CGIAR Research Program on Policies, Institutions and Markets, Value for Money
CGIAR is a global research partnership for a food secure future
Policies, Institutions and Markets
Value for Money Proposition
Theory of Change
Results and Insights
Foresight Modeling: Twenty promising technologies tested
in the models to compare benefit streams.
Science Policy: Program for Biosafety Systems assists
countries with regulatory frameworks; Agricultural Science
and Technology Indicators tracks spending on agricultural
Sustainable Intensification: Innovations in extension tested
and adopted in East Africa.
Policy and Public Spending: Updated methodology and
data on agricultural public spending; Arab Spatial Tools for
policy analysis in Middle East and North Africa; modeling of
Value Chains: Tools and methods used by other CRPs;
applications in Vietnam lead to higher quality milk and
better prices for smallholders.
Social Protection: Research informs implementation of
programs in several countries; e.g., review of Ethiopia’s
Productive Safety Nets Programme yields benefits 29 times
greater than the cost of research.
Natural Resource Property Regimes: Strengthened strategy
of commercialization for in situ conservation of biodiversity.
Our ability to provide food for a growing world depends critically on the
policies, institutions, and markets that underpin the agricultural system.
This is the domain of PIM. PIM’s work falls within 7 flagship projects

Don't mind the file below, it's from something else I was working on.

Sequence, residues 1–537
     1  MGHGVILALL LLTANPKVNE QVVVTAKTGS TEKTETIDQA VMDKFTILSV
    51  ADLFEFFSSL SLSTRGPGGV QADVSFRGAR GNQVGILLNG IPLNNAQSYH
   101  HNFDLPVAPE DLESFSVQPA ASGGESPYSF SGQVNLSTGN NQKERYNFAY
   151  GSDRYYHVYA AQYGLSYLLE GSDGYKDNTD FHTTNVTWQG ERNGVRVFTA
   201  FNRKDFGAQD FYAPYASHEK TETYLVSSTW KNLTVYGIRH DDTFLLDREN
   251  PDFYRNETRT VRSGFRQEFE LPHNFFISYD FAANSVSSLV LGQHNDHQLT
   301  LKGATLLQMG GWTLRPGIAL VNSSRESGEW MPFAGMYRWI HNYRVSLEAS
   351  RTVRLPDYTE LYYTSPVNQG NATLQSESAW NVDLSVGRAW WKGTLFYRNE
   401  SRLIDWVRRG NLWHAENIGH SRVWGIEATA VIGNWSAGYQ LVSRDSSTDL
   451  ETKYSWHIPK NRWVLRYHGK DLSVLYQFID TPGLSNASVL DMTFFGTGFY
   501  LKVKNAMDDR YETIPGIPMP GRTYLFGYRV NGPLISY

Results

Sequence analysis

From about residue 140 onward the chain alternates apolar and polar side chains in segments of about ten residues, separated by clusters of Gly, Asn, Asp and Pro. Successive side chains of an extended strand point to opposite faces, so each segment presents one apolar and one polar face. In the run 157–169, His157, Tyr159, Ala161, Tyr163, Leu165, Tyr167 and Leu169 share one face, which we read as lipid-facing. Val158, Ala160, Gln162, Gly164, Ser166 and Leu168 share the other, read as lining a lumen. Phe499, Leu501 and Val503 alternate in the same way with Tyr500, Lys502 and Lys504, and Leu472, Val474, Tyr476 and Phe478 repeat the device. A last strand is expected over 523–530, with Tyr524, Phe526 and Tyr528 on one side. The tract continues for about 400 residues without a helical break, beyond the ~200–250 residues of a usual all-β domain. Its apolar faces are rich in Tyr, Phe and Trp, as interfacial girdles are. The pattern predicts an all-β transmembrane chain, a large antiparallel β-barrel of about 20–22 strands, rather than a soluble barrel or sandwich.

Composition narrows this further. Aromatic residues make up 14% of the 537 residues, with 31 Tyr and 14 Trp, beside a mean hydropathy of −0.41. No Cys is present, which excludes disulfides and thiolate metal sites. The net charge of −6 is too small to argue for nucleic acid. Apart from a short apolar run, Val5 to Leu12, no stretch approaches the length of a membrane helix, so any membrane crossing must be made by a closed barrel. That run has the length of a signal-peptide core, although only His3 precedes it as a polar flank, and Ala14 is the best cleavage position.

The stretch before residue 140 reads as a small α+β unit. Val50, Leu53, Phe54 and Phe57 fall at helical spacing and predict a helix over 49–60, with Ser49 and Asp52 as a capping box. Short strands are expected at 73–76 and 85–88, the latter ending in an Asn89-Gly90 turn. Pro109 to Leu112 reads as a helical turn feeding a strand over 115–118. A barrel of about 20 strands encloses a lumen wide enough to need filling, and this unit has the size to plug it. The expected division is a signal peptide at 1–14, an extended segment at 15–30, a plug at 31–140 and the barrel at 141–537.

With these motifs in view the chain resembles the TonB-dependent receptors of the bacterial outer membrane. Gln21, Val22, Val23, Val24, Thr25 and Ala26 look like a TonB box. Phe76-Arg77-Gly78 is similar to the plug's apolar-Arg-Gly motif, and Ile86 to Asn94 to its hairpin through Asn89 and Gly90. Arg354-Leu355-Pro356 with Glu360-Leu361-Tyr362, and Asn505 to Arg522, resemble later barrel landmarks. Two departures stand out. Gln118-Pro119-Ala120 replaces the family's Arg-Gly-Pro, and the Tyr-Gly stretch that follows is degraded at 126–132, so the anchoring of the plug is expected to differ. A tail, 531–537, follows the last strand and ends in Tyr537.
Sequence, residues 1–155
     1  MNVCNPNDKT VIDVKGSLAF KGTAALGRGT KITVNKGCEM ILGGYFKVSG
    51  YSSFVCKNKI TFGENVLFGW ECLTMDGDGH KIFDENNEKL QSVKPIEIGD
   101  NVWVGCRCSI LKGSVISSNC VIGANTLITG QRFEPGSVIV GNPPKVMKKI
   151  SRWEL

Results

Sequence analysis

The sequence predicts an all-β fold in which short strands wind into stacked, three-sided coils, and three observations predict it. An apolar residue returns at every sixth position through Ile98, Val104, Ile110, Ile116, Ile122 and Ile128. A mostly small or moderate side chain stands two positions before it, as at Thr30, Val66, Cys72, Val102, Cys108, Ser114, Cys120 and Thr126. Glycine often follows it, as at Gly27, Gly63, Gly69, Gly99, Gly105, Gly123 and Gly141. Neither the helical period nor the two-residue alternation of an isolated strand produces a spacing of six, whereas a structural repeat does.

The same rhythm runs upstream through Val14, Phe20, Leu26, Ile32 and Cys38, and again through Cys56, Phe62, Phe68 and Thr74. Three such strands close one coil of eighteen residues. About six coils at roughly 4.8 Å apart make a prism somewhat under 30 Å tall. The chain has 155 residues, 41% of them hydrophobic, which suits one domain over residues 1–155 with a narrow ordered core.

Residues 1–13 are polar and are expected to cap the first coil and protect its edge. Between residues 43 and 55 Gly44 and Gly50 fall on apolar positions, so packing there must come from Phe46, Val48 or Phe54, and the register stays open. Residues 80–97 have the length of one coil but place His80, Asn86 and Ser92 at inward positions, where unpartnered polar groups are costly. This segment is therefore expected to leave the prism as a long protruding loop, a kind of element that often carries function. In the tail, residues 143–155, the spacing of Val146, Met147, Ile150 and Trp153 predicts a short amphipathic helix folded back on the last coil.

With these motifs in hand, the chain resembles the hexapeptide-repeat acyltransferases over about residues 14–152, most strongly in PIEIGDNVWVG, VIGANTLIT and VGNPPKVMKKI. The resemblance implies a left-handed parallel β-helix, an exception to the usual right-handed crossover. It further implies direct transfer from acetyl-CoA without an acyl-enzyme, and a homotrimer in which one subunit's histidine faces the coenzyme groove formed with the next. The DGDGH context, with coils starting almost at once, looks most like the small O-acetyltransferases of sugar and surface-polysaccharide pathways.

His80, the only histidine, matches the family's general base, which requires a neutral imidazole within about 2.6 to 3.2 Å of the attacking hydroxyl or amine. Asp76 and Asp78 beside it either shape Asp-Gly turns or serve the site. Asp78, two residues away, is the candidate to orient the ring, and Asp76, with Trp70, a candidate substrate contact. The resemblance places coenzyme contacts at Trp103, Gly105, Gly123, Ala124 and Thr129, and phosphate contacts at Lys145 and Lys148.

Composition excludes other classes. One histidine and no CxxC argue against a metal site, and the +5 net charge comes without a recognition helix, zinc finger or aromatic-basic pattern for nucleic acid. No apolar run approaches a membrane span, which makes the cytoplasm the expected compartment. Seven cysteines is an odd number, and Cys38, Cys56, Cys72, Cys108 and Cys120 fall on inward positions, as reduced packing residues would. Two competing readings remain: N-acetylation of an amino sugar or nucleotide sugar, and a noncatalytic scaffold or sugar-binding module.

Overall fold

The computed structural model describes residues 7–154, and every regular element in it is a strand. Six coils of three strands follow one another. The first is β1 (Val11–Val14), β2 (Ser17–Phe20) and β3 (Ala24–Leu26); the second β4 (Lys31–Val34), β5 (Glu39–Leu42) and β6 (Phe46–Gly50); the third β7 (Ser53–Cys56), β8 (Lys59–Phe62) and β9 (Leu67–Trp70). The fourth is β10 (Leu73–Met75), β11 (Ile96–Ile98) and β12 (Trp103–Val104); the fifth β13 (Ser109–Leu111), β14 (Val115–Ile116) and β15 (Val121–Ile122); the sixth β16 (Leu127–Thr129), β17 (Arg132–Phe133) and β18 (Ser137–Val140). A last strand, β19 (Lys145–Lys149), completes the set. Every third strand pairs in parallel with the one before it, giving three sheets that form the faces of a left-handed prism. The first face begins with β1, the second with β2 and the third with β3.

(foresight modeling, science policy, sustainable intensification, policy and
public spending, value chains, social protection, and natural resource
property regimes). These, taken together, are essential for the success of
CGIAR’s effort to reduce poverty, improve food security, improve nutrition
and health, and steward essential natural resources. Partners use PIM’s
research findings to revise policies, strengthen programs, change public
spending, reform legislation and regulations, and strengthen local
institutions to support sustainable shared growth.
Expected application of results should be included at research design
stage; use of PIM decision tree and partnership template facilitates.
1. Collaboration with CRPs, Centers, and partners; e.g., foresight
2. Greater geo-spatial referencing of data and inclusion in flagship
projects; e.g., sustainable intensification and adoption of
3. Integrating activities under separate flagships at the country level to
set priorities and sequence policies.
PIM’s gender strategy was approved on March 1, 2013. PIM’s work
addresses questions related to gender imbalances in access to assets,
technology, markets, and support services, gender differentials in
agricultural productivity and incomes, and distributional impacts of
technological and institutional innovations.
Participating Centers: Bioversity, CIAT, CIMMYT, CIP, ICARDA, ICRAF, ICRISAT,
IFPRI (lead), IITA, ILRI, WorldFish
Research Partners: Universities, NARS, SROs, national statistical agencies.
Implementation Partners: Multi-lateral development agencies, bilateral
development agencies, national ministries and public officials, NGOs, CBOs,
Karen Brooks, Director
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